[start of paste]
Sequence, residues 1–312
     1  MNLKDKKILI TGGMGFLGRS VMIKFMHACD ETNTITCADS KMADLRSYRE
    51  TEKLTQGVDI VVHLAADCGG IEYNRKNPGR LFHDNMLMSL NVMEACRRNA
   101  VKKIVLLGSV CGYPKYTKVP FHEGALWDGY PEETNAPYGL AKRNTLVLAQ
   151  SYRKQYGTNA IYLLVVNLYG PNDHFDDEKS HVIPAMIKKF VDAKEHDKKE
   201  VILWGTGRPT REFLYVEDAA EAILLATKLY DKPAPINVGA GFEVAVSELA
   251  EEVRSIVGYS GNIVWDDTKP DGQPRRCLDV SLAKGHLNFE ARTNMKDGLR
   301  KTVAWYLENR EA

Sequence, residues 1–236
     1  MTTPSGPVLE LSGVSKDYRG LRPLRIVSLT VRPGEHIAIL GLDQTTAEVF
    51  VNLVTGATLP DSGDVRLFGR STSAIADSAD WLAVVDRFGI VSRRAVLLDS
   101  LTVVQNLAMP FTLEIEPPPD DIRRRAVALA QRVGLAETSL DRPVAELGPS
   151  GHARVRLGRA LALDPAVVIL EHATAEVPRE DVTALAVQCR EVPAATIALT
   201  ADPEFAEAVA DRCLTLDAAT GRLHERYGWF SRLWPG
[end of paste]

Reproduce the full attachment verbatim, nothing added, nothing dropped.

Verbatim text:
Sequence, residues 1–312
     1  MNLKDKKILI TGGMGFLGRS VMIKFMHACD ETNTITCADS KMADLRSYRE
    51  TEKLTQGVDI VVHLAADCGG IEYNRKNPGR LFHDNMLMSL NVMEACRRNA
   101  VKKIVLLGSV CGYPKYTKVP FHEGALWDGY PEETNAPYGL AKRNTLVLAQ
   151  SYRKQYGTNA IYLLVVNLYG PNDHFDDEKS HVIPAMIKKF VDAKEHDKKE
   201  VILWGTGRPT REFLYVEDAA EAILLATKLY DKPAPINVGA GFEVAVSELA
   251  EEVRSIVGYS GNIVWDDTKP DGQPRRCLDV SLAKGHLNFE ARTNMKDGLR
   301  KTVAWYLENR EA

Sequence, residues 1–236
     1  MTTPSGPVLE LSGVSKDYRG LRPLRIVSLT VRPGEHIAIL GLDQTTAEVF
    51  VNLVTGATLP DSGDVRLFGR STSAIADSAD WLAVVDRFGI VSRRAVLLDS
   101  LTVVQNLAMP FTLEIEPPPD DIRRRAVALA QRVGLAETSL DRPVAELGPS
   151  GHARVRLGRA LALDPAVVIL EHATAEVPRE DVTALAVQCR EVPAATIALT
   201  ADPEFAEAVA DRCLTLDAAT GRLHERYGWF SRLWPG